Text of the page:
This paper presents a general-equilibrium framework to revisit the issues of optimal monetary policies and international policy coordination in a two-country model, focussing on the role of a pricing-to-market (PTM) policy by firms. Both countries may be different with respect to PTM. Using the set-up developed by Corsetti/Pesenti (2001a) and Betts/Devereux (2000a), we show that (i) the exchange rate change does not depend on the degrees of PTM; (ii) welfare will raise in both countries, if and only if Home PTM is at an intermediate range, otherwise monetary policy is either beggar-thy-self or beggar-thy-neighbour; (iii) in a world Nash equilibrium Home and Foreign welfare are bell-shaped in the degree of PTM; and (iv) there is always a welfare gain from cooperation.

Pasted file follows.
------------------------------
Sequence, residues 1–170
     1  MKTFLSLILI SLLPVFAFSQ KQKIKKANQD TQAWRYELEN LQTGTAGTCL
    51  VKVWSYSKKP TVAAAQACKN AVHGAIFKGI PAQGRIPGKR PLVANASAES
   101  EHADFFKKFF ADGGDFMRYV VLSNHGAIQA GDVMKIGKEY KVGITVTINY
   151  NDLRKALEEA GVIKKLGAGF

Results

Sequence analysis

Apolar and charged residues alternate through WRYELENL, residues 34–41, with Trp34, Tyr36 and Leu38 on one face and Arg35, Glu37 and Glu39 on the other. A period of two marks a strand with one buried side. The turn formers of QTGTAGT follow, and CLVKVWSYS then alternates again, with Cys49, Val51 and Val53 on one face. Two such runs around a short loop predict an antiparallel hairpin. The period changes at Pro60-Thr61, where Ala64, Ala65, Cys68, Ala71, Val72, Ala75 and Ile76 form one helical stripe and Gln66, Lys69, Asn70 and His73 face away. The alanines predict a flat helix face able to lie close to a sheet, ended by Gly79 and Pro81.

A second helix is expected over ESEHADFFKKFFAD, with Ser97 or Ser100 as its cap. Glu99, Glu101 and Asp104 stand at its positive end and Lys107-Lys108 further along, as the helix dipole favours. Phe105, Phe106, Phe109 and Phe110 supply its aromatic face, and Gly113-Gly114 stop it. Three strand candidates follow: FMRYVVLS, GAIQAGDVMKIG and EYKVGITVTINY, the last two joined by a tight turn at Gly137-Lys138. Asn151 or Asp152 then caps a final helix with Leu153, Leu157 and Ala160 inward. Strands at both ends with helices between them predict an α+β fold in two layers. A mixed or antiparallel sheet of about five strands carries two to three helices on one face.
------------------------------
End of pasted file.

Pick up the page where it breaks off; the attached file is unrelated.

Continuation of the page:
Self-regulation is often seen as a means to make use of information, which is unavailable to governments or rule-setting government agencies. Critics fear that self-regulating industries do not only use their superior information to achieve a given level of environmental or consumer protection in a cheaper way, but also use their self-regulatory power to reduce this level of protection. This paper studies self-regulation as a three-stage rent-seeking-and-bargaining process: at the first stage, the industry to be regulated and an environmental interest group invest in lobbying for or against self-regulation. At the second stage, the same parties either lobby to achieve favorable governmental regulation or, respectively, bargain on the content of self-regulation. Should bargaining fail, they enter the third stage of the game, which again is lobbying for or against self-regulation. The paper shows under what conditions the environmental interest group gains from self-regulation, given that protection of their interests becomes cheaper by self-regulation, but their influence in the second, decisive stage is weaker under self-regulation than under government regulation. The paper also shows that higher bargaining power of the environmentalists at the bargaining stage is not only to the benefit of the environmentalists, but may also be to the advantage of the regulated industry.